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Name of satellite Pasiphae
Planet of origin Jupiter
Discovered by Philibert Jacques Melotte
Date of discovery January 27, 1908
Location of discovery Royal Greenwich Observatory
Surface color Grey
Mass 2.997 x 10^17 kg
Apogee 33.29 million km
20.8 million miles
Perigee 13.96 million km
8.73 million miles
Apoapsis 33.29 million km
20.8 million miles
Alternate name(s) Jupiter VIII
1908 CJ
Named geographical features None

Pasiphae, also known as Jupiter VIII, is a retrograde irregular-shaped satellite belonging to the planet of Jupiter. This satellite was discovered by Philibert Jacques Melotte on January 27, 1908 at the Royal Greenwich Observatory. It is the largest of the retrograde, or orbiting a planet opposite of the planet's rotation, satellites, yet it is the third largest irregular-shaped satellite, after Himalia and Elara, other satellites belonging to Jupiter.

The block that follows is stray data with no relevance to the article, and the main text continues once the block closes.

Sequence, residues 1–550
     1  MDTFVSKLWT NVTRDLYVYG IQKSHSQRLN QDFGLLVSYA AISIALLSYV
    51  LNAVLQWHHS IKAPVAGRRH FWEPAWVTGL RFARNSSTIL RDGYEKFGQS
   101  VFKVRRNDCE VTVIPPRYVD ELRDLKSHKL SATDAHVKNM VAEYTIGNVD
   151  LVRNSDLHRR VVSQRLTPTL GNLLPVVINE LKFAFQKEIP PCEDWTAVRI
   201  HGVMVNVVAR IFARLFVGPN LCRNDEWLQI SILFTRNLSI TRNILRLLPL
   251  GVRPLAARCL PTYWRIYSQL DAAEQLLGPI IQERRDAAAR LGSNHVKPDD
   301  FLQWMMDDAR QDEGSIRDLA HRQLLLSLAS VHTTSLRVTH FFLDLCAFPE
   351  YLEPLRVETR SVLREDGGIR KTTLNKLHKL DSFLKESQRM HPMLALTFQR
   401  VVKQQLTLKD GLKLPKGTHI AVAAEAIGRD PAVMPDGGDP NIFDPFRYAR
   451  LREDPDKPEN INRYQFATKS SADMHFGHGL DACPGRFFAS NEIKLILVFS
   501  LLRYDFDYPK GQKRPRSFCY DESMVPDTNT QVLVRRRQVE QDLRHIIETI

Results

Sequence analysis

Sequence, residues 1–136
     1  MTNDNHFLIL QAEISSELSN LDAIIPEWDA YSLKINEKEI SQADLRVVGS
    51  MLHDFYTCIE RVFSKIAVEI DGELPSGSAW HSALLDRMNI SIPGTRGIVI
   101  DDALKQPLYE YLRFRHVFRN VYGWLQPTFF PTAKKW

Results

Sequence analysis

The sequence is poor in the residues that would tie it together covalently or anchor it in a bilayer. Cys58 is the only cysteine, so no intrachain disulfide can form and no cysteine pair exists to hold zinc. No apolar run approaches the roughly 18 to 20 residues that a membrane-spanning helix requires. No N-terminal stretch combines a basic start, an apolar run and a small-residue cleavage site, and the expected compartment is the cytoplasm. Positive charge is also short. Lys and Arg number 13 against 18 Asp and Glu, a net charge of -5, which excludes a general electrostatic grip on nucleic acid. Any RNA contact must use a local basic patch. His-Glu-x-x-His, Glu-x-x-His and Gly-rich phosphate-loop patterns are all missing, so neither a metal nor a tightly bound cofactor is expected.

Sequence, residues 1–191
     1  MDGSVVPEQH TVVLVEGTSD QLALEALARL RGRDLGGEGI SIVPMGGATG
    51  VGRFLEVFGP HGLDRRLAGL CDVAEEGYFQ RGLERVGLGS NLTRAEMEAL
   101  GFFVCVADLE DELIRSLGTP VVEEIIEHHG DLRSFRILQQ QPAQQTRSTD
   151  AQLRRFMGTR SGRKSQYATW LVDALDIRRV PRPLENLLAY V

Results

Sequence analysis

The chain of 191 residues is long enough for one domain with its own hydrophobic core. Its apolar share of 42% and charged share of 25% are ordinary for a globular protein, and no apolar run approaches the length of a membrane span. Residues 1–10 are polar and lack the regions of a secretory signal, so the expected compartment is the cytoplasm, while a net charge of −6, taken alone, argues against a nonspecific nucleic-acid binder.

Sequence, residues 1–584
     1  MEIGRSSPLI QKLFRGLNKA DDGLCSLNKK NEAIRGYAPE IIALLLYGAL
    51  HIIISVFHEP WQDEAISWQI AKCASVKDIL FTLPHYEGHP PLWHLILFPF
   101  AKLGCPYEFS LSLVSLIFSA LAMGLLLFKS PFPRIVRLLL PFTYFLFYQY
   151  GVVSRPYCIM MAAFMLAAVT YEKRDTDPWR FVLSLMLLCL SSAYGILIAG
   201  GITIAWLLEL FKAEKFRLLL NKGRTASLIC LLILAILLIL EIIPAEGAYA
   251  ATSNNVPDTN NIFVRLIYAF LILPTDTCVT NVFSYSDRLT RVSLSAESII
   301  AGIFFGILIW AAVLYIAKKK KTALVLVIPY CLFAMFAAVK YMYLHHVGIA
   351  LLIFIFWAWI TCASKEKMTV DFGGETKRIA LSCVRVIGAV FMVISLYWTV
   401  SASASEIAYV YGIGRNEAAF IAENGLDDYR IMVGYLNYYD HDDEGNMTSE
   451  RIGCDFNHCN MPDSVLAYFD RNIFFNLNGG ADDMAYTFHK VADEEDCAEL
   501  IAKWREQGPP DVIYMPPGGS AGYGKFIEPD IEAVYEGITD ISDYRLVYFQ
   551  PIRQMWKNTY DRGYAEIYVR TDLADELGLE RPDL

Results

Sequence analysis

Pasiphae is part of the Pasiphae group named after this satellite because it is the largest of this group. It is also named this because this satellite is a retrograde satellite, meaning it orbits its home planet backwards, and the other satellites in this group, including Sinope, are retrograde satellites. In fact, any satellite of Jupiter ending in the letter "e" is a retrograde satellite.


It is believed that Pasiphae was a stray asteroid from the Asteroid belt located between Mars and Pasiphae's home planet, Jupiter. After becoming stray, it was pulled in by Jupiter's strong gravitational pull.


The surface of Pasiphae is mostly full of dark valleys and craters. The surface color, grey, matches the color of most C-type, or carbonaceous, asteroids, which make up three-fourths of the Asteroid belt, supporting the evidence of it being a stray asteroid that was pulled in by Jupiter's strong gravitational pull.